Budget crunches in rich countries are bringing cuts in aid spending and may mean a switch from grants to cheaper loans, sowing the seeds of future debt crises in Africa and other poor corners of the globe.
Most African states’ budget deficits ballooned as growth sputtered in 2009, even though they entered the financial crisis in relatively robust fiscal health due to a major round of debt forgiveness in 2005 and gradually improving economic policies.
Growth has picked up well this year — the IMF is forecasting 5 percent for sub-Saharan Africa — leading many governments to unveil double digit increases in spending at the same time as assuring donors and investors that deficits will fall to more manageable levels in a couple of years.
The as-yet-unquantified aid squeeze likely to hit this year is not going to help this cause, but in their budget sums, major recipients such as Zambia, Uganda and Tanzania have factored in cuts in the overseas assistance that has sometimes accounted for as much as half of state revenue.
Tanzania’s budget reflects a reduction in foreign aid from $840 million in 2009/10 to $534 million this year, a figure that still represents 25 percent of the east African country’s projected takings.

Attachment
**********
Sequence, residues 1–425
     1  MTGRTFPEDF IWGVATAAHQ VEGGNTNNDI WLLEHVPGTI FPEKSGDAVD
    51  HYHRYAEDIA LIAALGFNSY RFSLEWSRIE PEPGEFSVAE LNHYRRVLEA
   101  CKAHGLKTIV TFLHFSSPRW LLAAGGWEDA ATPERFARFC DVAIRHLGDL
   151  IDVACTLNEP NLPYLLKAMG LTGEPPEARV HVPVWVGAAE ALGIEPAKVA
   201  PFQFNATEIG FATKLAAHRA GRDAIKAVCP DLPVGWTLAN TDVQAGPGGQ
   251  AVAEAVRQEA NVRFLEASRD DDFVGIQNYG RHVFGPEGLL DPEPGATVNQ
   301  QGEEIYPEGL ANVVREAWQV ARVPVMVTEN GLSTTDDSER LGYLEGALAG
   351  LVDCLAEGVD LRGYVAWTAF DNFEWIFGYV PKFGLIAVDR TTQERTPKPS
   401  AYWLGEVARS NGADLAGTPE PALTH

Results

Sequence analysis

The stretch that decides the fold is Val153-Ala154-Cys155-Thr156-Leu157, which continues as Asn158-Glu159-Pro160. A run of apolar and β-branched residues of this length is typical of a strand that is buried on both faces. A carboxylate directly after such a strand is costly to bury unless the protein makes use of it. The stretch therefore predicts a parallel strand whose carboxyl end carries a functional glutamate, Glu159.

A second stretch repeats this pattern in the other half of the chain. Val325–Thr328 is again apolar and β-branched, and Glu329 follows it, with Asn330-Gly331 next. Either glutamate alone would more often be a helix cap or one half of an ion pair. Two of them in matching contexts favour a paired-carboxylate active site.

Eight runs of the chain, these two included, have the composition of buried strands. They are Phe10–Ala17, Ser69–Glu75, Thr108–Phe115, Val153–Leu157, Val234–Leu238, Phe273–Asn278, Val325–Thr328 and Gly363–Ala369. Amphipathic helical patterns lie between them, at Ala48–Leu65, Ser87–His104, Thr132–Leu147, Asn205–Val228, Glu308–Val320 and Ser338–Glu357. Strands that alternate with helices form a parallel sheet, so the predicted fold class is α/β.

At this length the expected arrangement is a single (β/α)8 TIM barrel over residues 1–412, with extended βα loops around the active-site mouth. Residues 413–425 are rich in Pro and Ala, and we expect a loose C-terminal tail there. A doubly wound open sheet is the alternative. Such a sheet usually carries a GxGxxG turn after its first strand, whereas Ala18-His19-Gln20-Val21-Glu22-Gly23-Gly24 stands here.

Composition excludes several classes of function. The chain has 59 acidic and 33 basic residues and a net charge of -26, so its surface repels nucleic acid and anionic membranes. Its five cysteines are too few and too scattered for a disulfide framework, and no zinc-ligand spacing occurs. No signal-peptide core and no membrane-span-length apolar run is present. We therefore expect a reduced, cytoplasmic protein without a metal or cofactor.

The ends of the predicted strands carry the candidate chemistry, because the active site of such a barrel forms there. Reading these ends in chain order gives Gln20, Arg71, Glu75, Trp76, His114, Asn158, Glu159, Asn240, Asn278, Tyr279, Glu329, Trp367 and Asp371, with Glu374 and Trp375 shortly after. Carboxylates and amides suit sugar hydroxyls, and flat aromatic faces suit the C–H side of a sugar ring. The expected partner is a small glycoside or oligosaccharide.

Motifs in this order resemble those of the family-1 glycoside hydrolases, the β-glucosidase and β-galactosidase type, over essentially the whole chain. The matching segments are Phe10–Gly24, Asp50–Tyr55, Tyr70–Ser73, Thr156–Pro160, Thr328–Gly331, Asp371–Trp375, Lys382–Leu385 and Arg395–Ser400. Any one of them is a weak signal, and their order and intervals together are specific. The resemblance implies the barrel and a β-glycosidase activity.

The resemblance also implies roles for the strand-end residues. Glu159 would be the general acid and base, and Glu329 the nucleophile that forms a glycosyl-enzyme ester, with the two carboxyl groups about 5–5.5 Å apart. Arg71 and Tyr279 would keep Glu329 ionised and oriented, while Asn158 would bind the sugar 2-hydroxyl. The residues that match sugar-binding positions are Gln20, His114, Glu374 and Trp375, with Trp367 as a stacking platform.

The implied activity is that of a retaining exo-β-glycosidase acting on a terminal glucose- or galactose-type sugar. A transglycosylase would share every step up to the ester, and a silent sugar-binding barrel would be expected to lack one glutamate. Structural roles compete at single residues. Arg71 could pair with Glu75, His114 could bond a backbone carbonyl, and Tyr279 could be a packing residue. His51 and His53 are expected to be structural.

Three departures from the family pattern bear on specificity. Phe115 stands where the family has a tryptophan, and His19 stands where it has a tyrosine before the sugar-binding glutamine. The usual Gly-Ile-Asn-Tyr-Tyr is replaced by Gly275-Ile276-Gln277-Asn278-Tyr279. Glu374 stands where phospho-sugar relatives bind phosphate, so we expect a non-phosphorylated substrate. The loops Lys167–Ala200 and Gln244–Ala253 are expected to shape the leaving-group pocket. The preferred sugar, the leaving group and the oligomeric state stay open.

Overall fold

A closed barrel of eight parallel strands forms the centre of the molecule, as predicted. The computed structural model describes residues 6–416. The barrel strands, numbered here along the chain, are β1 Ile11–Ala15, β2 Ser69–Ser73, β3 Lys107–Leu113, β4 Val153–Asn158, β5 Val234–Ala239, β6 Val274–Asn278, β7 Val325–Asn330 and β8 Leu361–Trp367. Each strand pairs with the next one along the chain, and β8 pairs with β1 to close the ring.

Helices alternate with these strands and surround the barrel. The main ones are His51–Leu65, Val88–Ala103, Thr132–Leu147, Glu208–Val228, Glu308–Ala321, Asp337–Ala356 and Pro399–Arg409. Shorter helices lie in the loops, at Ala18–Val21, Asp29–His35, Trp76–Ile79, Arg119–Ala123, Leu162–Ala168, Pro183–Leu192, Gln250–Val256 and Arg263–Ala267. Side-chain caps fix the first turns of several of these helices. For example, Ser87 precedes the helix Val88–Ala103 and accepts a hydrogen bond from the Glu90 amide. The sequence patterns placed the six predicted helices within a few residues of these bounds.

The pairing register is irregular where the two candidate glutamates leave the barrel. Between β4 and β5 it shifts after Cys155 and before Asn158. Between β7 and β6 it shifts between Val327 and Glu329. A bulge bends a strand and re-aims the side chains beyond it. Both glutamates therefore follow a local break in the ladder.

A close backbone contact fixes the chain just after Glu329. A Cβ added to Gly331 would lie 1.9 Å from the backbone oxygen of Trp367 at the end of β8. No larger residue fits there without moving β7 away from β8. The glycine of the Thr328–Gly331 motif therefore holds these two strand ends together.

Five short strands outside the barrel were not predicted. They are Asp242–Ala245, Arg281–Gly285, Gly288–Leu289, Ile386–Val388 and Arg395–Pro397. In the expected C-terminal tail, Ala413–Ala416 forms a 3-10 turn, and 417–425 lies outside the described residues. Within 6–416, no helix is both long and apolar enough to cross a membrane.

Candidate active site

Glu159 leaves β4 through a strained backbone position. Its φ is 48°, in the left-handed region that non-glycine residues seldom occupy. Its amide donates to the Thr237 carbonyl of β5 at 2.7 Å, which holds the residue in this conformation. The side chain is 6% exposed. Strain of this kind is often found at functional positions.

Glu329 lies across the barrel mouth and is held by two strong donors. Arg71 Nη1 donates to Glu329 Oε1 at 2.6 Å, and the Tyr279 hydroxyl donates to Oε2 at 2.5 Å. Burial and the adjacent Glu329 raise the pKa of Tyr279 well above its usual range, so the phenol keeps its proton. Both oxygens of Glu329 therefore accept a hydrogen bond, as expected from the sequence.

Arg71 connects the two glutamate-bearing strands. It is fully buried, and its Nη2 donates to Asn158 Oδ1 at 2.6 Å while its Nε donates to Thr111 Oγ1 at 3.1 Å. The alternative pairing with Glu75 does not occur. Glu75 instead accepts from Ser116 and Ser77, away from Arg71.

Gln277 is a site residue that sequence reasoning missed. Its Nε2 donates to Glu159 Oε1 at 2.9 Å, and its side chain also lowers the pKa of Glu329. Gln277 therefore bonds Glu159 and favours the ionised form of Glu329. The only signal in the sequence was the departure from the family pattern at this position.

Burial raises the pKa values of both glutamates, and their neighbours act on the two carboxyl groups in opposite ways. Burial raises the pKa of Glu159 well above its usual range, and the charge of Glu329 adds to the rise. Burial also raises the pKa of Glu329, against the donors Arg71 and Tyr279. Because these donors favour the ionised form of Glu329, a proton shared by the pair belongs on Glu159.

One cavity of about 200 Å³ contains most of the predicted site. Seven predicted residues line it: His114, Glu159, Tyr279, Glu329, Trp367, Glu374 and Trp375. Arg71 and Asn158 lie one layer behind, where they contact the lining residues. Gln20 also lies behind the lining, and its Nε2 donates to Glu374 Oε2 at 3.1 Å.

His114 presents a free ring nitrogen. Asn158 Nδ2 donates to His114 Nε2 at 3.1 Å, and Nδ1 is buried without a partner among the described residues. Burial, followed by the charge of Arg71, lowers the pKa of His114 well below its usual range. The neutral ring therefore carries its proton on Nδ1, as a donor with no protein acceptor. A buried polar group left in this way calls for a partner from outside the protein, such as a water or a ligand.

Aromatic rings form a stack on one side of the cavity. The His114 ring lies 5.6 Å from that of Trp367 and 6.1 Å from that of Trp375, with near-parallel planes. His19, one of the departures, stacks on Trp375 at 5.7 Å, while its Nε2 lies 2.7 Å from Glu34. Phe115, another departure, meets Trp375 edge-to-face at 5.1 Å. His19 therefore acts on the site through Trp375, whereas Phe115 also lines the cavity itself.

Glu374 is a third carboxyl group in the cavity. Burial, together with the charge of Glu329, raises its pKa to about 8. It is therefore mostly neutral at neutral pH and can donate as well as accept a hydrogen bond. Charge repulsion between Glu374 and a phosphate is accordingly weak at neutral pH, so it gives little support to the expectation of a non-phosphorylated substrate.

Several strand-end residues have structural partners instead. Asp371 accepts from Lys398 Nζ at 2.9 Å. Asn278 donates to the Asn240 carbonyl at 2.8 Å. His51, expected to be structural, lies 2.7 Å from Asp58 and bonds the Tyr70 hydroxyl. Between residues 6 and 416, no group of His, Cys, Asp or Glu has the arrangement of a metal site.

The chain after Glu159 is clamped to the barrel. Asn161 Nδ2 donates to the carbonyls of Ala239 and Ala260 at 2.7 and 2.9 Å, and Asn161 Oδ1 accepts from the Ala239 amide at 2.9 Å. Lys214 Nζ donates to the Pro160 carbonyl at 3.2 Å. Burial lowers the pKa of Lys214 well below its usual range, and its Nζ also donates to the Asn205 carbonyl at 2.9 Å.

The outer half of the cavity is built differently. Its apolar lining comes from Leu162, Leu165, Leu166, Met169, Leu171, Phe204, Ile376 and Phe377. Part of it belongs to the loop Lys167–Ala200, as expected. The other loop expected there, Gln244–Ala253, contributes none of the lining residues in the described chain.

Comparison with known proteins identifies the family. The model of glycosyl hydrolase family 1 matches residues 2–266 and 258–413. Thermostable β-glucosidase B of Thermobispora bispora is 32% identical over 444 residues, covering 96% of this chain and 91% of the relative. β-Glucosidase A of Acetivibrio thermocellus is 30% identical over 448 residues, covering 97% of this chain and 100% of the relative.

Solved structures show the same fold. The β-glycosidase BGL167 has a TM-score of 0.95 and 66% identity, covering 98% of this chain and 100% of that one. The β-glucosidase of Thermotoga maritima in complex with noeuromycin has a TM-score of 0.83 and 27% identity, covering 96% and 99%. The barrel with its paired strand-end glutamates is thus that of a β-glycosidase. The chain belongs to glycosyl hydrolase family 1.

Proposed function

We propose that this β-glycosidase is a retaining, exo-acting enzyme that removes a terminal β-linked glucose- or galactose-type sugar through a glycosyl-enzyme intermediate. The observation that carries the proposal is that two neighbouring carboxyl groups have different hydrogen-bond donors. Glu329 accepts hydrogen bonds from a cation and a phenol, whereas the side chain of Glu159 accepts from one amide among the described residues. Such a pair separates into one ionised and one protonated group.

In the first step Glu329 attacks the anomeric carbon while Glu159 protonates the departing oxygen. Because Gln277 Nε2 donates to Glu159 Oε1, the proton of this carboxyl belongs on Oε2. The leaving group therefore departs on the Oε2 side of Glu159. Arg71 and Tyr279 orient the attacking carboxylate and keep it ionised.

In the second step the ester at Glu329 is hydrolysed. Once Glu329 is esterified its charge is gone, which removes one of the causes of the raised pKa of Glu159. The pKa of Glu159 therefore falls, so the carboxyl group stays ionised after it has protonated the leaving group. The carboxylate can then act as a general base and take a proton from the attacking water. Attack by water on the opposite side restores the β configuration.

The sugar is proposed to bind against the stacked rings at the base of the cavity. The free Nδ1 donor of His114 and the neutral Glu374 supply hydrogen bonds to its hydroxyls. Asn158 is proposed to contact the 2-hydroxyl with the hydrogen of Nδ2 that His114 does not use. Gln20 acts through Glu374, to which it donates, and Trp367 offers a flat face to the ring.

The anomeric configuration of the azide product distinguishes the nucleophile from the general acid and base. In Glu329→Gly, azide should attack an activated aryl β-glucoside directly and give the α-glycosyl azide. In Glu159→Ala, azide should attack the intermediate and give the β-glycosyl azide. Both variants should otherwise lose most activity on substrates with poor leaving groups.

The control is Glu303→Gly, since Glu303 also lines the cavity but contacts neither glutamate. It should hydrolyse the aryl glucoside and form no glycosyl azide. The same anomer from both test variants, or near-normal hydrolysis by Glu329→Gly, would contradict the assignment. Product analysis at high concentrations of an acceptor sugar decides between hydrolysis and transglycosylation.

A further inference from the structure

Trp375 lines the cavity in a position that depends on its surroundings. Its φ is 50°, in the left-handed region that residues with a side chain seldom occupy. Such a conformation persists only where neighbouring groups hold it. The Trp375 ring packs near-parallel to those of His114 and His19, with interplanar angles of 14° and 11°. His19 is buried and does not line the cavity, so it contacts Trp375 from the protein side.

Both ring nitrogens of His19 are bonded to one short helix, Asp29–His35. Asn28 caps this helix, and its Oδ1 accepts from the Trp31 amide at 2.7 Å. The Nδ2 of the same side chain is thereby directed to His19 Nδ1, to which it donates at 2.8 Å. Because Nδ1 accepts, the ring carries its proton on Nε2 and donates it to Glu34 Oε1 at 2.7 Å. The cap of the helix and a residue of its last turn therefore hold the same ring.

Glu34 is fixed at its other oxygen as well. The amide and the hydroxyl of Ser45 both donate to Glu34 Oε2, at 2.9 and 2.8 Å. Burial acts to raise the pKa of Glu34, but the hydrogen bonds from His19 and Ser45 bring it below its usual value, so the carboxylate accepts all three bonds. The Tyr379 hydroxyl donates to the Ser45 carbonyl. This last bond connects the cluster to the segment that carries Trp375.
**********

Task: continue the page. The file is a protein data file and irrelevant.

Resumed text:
Similarly, donors are underwriting a quarter of Uganda’s current budget, although a group of them said in August that next year’s contribution would be down by at least 10 percent, ostensibly due to concerns about corruption.
And in Zambia, Africa’s largest copper producer, the proportion of overseas support for the 2011 budget is 7.7 percent, half the previous year, because of donor worries about graft.
But experts say an overall reduction in bilateral aid — of major donors, only Britain has pledged to ring-fence development spending, at 0.7 percent of GDP by 2013 — is only one worrying aspect of Africa’s financing equation.
Just as alarming is the potential for donors to inflate their aid figures by switching assistance from grants, which are in effect a gift, to concessionary loans, which have to be repaid albeit at cheap rates.
“You’ve got the double-whammy of African countries struggling because of the crisis, and then donors potentially switching more to loans than to grants,” said Daniel Coppard, an aid analyst at Development Initiatives, a UK-based consultancy.
In 2005, donors at the G8 summit in Gleneagles, Scotland promised to double aid by up to $50 billion in five years — an ambitious promise that has not been matched by reality.
Furthermore, a trend since then towards more aid delivered via grants risks going into reverse as cash-strapped rich-country finance ministers seek out cunning ways to make their development budgets go further.
For instance, by most definitions a bilateral loan qualifies as “aid” if a quarter of it is a grant, meaning donors can cut today’s cost of their aid bill by 75 percent, and then swallow the cost of a low lending rate over the duration of the loan.